Police are still unable to explain why their powers are disproportionately used on people from black, Asian and minority ethnic backgrounds, a watchdog has said.
Her Majesty’s Inspectorate of Constabulary and Fire and Rescue Services (HMICFRS) warned that police risk losing the trust of the communities they serve after the latest inspection on the disproportionate use of powers.
In the report, published on Friday, the inspectorate said: “Over 35 years on from the introduction of stop and search legislation, no force fully understands the impact of the use of these powers.
“Disproportionality persists and no force can satisfactorily explain why.”
The report cited data from 2019/20 that showed ethnic minority people were four times more likely to be stopped and searched than white people.
Black people were about 5.7 times more likely to have force used on them than white people, with figures also showing they were more than nine times as likely to have Tasers drawn on them.
The report reveals black people were eight times more likely to be handcuffed while compliant and three times more likely to have a spit and bite guard used on them than white people, for reasons the inspectorate said are “unclear”.
HMICFRS said the use of these powers was “unfair” and could lead to more black and ethnic minority people being drawn into the criminal justice system, as well as disrupting their lives, education and work opportunities.
Inspector of Constabulary Wendy Williams said: “It feeds perceptions among the public and police about black people and crime, and may also influence how the police allocate and deploy resources.”
Inspectors found the most common reason given for the use of stop and search was suspected drug possession “rather than supply”, which it said indicated that “efforts are not being effectively focused on force priorities”.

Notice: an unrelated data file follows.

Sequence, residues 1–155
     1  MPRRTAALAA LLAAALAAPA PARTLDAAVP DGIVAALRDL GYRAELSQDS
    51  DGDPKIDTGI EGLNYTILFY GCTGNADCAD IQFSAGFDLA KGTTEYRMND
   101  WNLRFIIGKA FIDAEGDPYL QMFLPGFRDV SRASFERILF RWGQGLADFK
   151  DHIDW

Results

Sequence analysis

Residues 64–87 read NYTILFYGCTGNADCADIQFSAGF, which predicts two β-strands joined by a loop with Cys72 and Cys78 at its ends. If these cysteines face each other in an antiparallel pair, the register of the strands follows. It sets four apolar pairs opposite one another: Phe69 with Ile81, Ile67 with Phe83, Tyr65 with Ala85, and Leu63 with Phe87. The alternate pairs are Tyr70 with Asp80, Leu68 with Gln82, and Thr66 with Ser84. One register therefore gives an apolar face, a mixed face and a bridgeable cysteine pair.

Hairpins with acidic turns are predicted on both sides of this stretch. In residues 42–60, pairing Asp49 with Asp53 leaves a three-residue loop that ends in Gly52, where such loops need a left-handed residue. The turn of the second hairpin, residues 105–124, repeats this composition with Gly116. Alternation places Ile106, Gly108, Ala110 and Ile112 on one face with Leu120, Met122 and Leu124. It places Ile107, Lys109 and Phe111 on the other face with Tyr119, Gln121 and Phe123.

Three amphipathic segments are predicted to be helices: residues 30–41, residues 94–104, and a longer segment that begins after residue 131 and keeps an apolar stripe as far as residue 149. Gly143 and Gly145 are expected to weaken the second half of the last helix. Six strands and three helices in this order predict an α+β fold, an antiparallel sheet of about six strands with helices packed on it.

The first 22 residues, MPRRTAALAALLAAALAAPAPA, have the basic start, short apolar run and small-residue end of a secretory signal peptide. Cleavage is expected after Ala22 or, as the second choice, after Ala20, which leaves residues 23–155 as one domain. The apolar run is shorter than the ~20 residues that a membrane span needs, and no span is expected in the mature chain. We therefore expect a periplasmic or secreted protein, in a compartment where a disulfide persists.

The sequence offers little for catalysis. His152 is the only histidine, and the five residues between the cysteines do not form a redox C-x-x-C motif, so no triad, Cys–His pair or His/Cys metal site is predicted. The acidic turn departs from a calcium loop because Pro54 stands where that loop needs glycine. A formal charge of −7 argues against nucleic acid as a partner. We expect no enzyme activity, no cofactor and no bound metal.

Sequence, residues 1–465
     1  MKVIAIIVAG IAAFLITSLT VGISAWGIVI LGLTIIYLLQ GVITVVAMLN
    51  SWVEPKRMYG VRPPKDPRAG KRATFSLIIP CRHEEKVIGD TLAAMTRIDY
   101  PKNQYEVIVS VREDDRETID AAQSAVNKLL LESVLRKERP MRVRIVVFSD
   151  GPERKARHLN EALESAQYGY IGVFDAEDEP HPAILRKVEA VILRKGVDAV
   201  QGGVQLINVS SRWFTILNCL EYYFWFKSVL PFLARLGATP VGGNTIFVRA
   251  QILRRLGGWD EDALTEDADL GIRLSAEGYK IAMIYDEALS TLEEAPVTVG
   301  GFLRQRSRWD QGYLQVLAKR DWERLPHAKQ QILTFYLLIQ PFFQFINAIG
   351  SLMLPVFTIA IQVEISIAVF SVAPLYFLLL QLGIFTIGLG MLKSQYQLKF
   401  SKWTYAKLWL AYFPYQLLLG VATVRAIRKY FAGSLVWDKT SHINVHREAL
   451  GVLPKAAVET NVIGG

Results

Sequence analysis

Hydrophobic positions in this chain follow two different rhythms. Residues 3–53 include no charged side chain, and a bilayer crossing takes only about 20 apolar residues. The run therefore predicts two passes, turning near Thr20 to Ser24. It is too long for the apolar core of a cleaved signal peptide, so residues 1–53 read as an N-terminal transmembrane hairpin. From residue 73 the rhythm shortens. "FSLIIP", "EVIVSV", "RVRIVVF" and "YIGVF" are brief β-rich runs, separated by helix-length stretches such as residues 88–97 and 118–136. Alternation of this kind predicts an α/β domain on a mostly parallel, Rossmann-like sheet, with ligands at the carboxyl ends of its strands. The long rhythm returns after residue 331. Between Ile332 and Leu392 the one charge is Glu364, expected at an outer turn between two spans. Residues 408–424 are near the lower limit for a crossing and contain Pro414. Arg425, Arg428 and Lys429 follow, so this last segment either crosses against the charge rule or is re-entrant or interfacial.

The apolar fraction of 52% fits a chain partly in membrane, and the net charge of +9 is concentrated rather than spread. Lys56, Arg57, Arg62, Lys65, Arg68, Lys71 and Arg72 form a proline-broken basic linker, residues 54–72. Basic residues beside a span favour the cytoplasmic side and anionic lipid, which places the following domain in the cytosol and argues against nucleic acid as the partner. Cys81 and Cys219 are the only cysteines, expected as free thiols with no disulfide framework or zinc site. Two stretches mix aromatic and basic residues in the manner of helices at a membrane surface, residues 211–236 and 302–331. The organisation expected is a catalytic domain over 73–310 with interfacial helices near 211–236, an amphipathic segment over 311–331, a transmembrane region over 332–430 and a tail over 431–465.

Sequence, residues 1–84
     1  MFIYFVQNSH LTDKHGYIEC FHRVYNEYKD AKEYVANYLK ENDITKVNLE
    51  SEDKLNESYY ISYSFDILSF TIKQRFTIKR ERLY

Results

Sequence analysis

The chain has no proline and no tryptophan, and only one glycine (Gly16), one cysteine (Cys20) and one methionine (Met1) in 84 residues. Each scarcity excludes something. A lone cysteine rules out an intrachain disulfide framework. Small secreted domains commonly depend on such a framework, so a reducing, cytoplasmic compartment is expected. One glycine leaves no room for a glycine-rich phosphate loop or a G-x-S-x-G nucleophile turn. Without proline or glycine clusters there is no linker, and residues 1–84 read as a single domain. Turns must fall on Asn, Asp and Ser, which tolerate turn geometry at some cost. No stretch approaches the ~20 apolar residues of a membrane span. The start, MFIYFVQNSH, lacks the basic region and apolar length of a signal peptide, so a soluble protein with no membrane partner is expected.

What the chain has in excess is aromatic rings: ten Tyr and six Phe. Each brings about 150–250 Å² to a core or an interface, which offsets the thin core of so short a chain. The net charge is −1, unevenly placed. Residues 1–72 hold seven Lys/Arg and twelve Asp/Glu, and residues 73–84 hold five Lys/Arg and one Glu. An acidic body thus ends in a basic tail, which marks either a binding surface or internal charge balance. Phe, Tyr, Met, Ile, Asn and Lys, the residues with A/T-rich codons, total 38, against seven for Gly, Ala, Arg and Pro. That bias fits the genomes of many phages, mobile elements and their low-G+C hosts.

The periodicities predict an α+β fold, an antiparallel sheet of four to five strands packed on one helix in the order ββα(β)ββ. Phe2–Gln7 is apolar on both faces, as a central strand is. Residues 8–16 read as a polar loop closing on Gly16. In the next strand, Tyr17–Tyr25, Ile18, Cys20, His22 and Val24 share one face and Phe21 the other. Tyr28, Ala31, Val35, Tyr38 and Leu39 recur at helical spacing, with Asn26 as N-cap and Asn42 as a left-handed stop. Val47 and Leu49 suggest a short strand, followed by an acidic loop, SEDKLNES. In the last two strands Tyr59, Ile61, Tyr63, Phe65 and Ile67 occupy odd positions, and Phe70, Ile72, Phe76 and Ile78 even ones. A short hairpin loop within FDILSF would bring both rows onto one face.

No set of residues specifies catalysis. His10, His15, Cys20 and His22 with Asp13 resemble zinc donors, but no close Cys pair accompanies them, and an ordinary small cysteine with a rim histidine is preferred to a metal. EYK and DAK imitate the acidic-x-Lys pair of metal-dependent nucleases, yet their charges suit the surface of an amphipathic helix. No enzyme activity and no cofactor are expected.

Ms Williams added: “Unfair use of powers can be counterproductive if it leads people to think it is acceptable to not comply with the law.
“It may also make people unwilling to report when they are the victim of crime or come forward as witnesses.
“The police must be able to show the public that their use of these powers is fair, lawful and appropriate, or they risk losing the trust of the communities they serve.”
The report said that, while improvements had been made, too many police forces still did not analyse and monitor enough information and data “to understand fully how fairly and effectively the powers are used”.
The Independent Office for Police Conduct director general Michael Lockwood said: “Only by understanding the causes of this disproportionality – and helping officers to understand fully how their use of stop and search and use of force impacts on those most affected – can we start to make the changes that are needed.”
The National Police Chiefs’ Council (NPCC) said it is developing plans to address the disproportionality in the use of stop and search and to “explain it and take action to reduce it wherever possible”.
NPCC’s lead for stop and search, deputy assistant commissioner Amanda Pearson, said the police body will “consider the recommendation around the best approaches to tackling drug crime”.
Policing minister Kit Malthouse said stop and search saved lives after it helped remove 11,000 dangerous weapons from UK streets last year, adding that young black men are disproportionately more likely to be the victims of knife crime.
He added: “We are committed to ensuring that stop and search is conducted lawfully, and that safeguards, including training, guidance, and body worn video, are in place to help ensure it is used effectively, and that nobody is stopped solely on the basis of their skin colour.”
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